Listen to Google

(slide #10)

  • Identifying keywords is not just looking for high volume keywords, but identifying what search intent is behind them. Ranking results indicate intent.
  • Keywords Everywhere is a powerful tool for that purpose.

Niche Keywords > Broader Keywords

(slide #12)

  • It’s much easier to get intent right with niche keywords.
  • There is less competition.
  • Exponential diminishing returns 
for rankings: it’s better to rank on the top 3 for many small keywords than to rank 10+ on many big keywords.
  • You need to check the likelihood 
of being able to rank there = being realistic about where you can rank with the size of your site in its current state.

2) Questions & Answers

  • Header and footer sections have a lot of link equity. You are signaling to Google what's important. That’s also why you often see header and footer sections as the site links under a search result.
  • You should only have your most important sections in your header and footer. You should definitely be using a sitemap: telling Google how your site is structured and how you can navigate it.

Is there a checklist of things to consider before publishing a site (that Yoast wouldn't provide already)?

  • Yoast is pretty comprehensive for technical SEO for a particular article. It gives you a good checklist. Example: for a particular article, I am making sure the primary keyword is in the h1?
  • What Yoast misses is the process for selecting the primary keyword and intent. You can check all the points from Yoast’s checklist and not rank well because you didn’t choose the good primary keyword.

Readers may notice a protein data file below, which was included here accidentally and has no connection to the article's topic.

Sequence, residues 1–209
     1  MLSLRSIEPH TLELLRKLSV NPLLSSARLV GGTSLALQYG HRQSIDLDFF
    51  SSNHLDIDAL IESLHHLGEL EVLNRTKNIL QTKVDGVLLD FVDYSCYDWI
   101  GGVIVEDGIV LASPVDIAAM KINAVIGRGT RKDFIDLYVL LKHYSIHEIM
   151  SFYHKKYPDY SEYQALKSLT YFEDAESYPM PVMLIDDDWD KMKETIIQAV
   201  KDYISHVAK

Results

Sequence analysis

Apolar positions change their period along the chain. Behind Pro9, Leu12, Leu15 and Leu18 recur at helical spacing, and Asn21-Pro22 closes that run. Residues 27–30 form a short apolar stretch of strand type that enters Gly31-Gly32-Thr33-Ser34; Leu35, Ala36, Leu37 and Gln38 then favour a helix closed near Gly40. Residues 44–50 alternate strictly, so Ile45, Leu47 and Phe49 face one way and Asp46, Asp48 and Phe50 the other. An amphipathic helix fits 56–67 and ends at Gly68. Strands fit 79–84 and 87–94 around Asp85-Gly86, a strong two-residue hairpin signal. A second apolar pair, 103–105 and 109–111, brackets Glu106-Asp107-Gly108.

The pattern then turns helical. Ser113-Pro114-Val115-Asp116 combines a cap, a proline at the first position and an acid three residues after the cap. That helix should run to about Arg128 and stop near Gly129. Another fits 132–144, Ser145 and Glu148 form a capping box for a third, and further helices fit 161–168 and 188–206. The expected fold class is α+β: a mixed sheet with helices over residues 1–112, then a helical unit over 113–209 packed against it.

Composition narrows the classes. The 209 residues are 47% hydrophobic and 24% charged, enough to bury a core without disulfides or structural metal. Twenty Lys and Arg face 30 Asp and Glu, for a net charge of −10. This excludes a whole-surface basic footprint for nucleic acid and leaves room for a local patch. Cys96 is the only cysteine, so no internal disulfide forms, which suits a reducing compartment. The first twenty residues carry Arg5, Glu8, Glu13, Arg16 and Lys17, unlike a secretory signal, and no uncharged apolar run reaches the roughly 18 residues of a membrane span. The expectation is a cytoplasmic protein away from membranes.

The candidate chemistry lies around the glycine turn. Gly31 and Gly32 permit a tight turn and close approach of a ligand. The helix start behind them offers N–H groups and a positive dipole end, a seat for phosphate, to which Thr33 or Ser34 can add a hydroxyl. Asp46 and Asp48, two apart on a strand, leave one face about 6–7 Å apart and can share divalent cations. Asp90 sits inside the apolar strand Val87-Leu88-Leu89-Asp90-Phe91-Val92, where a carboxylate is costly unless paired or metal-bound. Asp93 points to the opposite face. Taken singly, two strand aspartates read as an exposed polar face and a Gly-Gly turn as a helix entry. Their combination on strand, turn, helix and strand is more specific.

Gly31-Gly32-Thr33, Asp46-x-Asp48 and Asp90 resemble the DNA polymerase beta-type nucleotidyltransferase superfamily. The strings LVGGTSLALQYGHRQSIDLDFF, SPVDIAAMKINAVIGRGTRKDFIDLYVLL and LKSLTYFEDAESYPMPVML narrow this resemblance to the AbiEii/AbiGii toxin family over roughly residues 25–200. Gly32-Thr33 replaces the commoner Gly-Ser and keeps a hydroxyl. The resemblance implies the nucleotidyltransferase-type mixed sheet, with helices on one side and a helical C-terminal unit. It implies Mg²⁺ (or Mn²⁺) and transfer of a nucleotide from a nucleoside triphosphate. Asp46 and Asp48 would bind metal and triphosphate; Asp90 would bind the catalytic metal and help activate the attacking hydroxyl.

• Yoast also doesn’t provide guidance at a page or site-level. You need a sitemap, speedy site, and decent time on site. Yoast will not tell you these things.

Apart from alt text, what do I need to know about using images on a site?

  • Make sure your images are not huge and not slowing down your site. Google uses page speed as a significant ranking factor.
  • Make sure they are relevant and responsive. There are tools to mass test your site on desktop/mobile/tablet but also on different kinds of devices and different connection speeds, like Browser Stack, Browser shots, or the Google page inspector.

What are the SEO best practices?

  • See introduction.
  • Best practices are a mixture of writing decent content that people want, that serves a purpose. Do not write for ranking.
  • Check the cheat sheets and ranking factors section at the bottom.

What does really matter for a good rank?

  • There is a laundry list of things that Google takes into account. These are called ranking factors. People have tried to calculate which ones matter the most. There’s technical SEO and then non-technical SEO. For technical SEO, you want to just go through and find a checklist like this one. If you use Wordpress, there are tools like Yoast which do the same thing. But realistically Google is doing what? Trying to serve you the best information. It relies much more heavily now on machine learning and the use of on-page engagement metrics.